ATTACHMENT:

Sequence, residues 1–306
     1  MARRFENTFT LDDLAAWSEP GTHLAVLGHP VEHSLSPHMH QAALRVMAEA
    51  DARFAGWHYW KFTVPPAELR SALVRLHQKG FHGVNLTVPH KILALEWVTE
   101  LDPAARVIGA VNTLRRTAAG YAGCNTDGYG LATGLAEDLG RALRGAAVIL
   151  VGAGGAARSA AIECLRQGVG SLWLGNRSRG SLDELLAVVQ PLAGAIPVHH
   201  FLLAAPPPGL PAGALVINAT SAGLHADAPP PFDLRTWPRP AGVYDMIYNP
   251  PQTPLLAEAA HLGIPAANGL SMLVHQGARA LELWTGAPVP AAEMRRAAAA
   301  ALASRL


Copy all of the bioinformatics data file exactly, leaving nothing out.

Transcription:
Sequence, residues 1–306
     1  MARRFENTFT LDDLAAWSEP GTHLAVLGHP VEHSLSPHMH QAALRVMAEA
    51  DARFAGWHYW KFTVPPAELR SALVRLHQKG FHGVNLTVPH KILALEWVTE
   101  LDPAARVIGA VNTLRRTAAG YAGCNTDGYG LATGLAEDLG RALRGAAVIL
   151  VGAGGAARSA AIECLRQGVG SLWLGNRSRG SLDELLAVVQ PLAGAIPVHH
   201  FLLAAPPPGL PAGALVINAT SAGLHADAPP PFDLRTWPRP AGVYDMIYNP
   251  PQTPLLAEAA HLGIPAANGL SMLVHQGARA LELWTGAPVP AAEMRRAAAA
   301  ALASRL